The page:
Achilles Katamba

Dr. Achilles Katamba, MBChB, DCH, MSc, PhD, is Senior Lecturer in the Department of Medicine of Makerere University College of Health Sciences, Kampala Uganda (http://chs.mak.ac.ug/). He is a medical doctor and holds a master’s and doctoral degrees in Epidemiology and Biostatistics (Health Services Research) from Case Western Reserve University, USA. Dr Katamba is the Ugandan Head of the Uganda Tuberculosis Implementation Research Consortium (U-TIRC – http://utbspwebsite.wixsite.com/u-tirc), a consortium between clinical scientists at Makerere University, Public health officials at the Uganda Ministry of Health, the National Tuberculosis and Leprosy Control programme and scientists from the University of California at San Francisco, Yale University, John Hopkins University and the London School of Hygiene and Tropical Medicine. U-TIRC focuses on improving tuberculosis diagnosis and care by undertaking high-quality clinical, epidemiological and implementation science research that seeks to identify barriers to TB evaluation, to develop implementation strategies to address the barriers, and to evaluate the impact and effectiveness of these strategies at different health centers in Uganda. Dr Katamba is also an investigator of the Cango Lyec Study: Developing and Testing Interventions to Reduce HIV risk, increase access to treatment and promote resilience to HIV and related conditions, and assess barriers to prevention and treatment in a post-conflict population.


Herbert Muyinda

Dr. Herbert Muyinda is an anthropologist and senior lecturer and current Director of the Child Health and Development Centre (CHDC), College of Health Sciences, Makerere University. The multi-disciplinary centre involves training and mentoring masters and PhD students in bio-medical, and social science research approaches. CHDC promotes holistic responses to community health needs through multidisciplinary research and strengthening of partnerships between the university, communities, government, international partners, and other stakeholders in health and development. Muyinda’s research centers on the socio-behavioral sciences with a particular focus on vulnerable populations. He has previously done research on HIV and AIDS, mental illness, disability, pulmonary rehabilitation, and nutrition and early childhood development. Muyinda is also Co- Principal Investigator of a longitudinal (cohort) study in post-conflict northern Uganda, focused on exploring, developing and testing transformative interventions to build HIV prevention services and to promote lifelong HIV care. The study is a collaboration between Makerere University and the University of British Columbia, funded by Canadian Institute of Health Research (CIHR). The goal is to explore, develop and test culturally-safe, strengths-based, trauma-informed, and technology-enhanced (CSTT) interventions among marginalized populations.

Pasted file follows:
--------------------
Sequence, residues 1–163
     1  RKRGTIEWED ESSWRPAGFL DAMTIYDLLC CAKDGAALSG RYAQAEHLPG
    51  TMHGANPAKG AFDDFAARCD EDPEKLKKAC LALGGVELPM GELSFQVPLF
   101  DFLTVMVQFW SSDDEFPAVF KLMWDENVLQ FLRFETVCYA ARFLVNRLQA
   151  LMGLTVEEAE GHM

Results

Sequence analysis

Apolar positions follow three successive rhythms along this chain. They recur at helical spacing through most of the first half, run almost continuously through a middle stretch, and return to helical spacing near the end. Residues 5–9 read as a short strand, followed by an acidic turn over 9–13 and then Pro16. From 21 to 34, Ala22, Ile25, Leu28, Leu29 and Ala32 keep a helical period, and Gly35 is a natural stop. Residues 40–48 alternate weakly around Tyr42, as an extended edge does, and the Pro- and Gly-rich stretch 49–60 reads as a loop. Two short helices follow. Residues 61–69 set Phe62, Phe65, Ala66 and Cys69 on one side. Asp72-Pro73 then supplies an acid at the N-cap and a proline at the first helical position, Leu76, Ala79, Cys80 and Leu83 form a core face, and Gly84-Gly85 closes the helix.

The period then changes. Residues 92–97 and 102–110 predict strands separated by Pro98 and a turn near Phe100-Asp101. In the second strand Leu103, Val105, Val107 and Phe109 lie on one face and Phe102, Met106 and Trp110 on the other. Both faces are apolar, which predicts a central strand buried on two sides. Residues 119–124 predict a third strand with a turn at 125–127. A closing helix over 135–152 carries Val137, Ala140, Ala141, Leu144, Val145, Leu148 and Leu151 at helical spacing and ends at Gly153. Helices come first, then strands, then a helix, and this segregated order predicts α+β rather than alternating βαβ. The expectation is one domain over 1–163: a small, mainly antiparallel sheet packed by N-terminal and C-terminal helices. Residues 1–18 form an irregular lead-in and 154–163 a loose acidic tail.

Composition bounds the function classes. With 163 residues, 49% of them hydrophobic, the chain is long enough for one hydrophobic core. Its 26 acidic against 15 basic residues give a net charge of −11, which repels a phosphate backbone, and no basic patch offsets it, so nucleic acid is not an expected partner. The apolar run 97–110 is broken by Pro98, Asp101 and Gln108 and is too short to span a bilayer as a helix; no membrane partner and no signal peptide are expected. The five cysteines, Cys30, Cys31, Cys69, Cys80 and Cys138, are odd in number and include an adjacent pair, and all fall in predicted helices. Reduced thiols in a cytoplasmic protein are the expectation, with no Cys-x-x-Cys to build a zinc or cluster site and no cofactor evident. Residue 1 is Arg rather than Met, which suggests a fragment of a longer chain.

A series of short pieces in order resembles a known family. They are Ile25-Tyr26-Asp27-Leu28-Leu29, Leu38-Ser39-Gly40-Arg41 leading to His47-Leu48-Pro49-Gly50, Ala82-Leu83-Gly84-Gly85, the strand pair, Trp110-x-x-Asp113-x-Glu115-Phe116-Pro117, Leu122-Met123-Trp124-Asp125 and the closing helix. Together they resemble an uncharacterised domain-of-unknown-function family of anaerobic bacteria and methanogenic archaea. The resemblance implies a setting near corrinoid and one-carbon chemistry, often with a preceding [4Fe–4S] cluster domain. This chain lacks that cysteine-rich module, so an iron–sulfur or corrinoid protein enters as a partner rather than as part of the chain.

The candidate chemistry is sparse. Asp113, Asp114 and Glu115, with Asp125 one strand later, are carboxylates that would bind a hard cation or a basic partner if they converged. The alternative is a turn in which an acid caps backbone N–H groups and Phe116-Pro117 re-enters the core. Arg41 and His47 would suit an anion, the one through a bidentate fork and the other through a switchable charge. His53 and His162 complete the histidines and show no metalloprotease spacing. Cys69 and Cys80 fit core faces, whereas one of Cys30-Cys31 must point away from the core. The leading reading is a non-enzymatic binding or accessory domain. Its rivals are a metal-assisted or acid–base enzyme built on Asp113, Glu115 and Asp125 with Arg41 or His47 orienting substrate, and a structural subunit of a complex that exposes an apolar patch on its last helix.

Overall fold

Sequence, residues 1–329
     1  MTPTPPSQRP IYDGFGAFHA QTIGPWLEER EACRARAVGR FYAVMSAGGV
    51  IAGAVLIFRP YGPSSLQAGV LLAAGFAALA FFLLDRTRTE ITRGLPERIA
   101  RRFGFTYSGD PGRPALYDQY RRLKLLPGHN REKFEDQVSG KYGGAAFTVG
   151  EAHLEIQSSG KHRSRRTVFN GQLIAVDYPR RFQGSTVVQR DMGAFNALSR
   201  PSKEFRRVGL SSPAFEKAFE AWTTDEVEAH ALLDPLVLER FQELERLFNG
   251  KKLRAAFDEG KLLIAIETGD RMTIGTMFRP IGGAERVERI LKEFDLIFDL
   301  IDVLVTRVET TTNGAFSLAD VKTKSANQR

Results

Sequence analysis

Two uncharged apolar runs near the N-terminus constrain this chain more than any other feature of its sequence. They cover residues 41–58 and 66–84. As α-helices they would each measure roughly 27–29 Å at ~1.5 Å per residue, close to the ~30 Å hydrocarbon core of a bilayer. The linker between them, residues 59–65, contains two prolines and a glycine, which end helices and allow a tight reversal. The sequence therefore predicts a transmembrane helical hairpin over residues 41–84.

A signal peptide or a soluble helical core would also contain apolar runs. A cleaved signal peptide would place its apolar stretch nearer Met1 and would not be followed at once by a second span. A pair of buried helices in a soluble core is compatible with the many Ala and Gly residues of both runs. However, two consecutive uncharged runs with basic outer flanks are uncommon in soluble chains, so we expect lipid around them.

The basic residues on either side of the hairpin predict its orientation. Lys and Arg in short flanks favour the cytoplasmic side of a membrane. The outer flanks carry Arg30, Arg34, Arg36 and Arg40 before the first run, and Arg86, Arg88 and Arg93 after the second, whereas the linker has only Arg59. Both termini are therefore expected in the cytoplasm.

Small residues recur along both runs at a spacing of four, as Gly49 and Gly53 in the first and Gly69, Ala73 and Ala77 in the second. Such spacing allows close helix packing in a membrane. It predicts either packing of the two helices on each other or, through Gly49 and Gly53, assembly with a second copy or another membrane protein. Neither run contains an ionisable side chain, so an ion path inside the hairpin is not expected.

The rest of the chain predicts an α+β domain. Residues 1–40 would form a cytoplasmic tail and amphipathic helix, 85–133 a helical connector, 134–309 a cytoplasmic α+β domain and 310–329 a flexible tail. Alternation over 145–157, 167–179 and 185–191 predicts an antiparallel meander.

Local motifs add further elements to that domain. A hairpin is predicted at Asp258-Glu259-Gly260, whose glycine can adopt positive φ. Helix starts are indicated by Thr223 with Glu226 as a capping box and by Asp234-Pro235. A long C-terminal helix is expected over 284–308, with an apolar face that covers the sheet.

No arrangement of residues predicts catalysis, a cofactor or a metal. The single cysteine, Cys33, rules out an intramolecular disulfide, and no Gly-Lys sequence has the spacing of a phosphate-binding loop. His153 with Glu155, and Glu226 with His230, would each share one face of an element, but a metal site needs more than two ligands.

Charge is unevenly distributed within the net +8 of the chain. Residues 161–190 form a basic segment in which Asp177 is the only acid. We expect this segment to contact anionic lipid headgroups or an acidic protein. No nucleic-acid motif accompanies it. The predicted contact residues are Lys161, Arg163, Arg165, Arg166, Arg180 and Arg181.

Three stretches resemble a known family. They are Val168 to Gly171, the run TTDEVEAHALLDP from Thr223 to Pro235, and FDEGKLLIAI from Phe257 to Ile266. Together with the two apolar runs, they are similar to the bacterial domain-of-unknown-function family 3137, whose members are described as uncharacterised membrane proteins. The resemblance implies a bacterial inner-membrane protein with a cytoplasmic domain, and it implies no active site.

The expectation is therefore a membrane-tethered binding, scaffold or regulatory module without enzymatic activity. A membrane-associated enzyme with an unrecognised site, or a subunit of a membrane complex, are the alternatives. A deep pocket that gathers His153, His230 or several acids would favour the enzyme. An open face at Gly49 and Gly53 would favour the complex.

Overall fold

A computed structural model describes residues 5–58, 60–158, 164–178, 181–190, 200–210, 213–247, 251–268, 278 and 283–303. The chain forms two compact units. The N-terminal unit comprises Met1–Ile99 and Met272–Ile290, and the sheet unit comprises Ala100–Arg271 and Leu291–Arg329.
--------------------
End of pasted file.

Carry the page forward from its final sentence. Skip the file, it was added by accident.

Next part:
Martin Schechter

Martin Schechter is Professor in and was the Founding Director of the School of Population and Public Health at the UBC.
He was trained in mathematics (PhD), medicine (MD) and epidemiology (MSc), and combines interests in clinical epidemiology/clinical trials and with HIV and addiction research. Dr. Schechter now serves as Chief Scientific Officer of the Michael Smith Foundation for Health Research and as Co-Director of the UBC Centre for Excellence in Indigenous Health.


Jan Hajek

Jan Hajek is a Clinical Assistant Professor with the Division of Infectious Diseases in the Faculty of Medicine at UBC. His research interests include tuberculosis, tropical medicine, immigration and refugee health, and animal welfare and zoonotic disease.


For further questions about the event, please contact voices.in.health@spph.ubc.ca


Voices in Health: Future Events – Stay Tuned

The School of Population and Public Health is thrilled to announce a monthly speaker series for the 19/20 academic year called Voices in Health, featuring renowned public and global health experts.

Admission is free to faculty, students and staff.

Term 1 Dates:

Monday, December 9 from 4-6pm

Term 2 Dates:

Thursday, February 13 or 27, 2020 (TBC) 

Thursday, March 12, 2020

Thursday, April 16, 2020

Thursday, May 14, 2020

All events will be held at UBC Point Grey, more details to come!


Past Events & Recordings

September 30, 2019 | Public Health, Law and Climate Change – Legal Approaches to Protecting Children’s Health in a Warming WorldYoutube Video

October 25, 2019 | Including Equity in Global Health Priority SettingYoutube Video

November 18, 2019 | Developing Canada’s new Food Guide and the Healthy Eating StrategyYoutube Video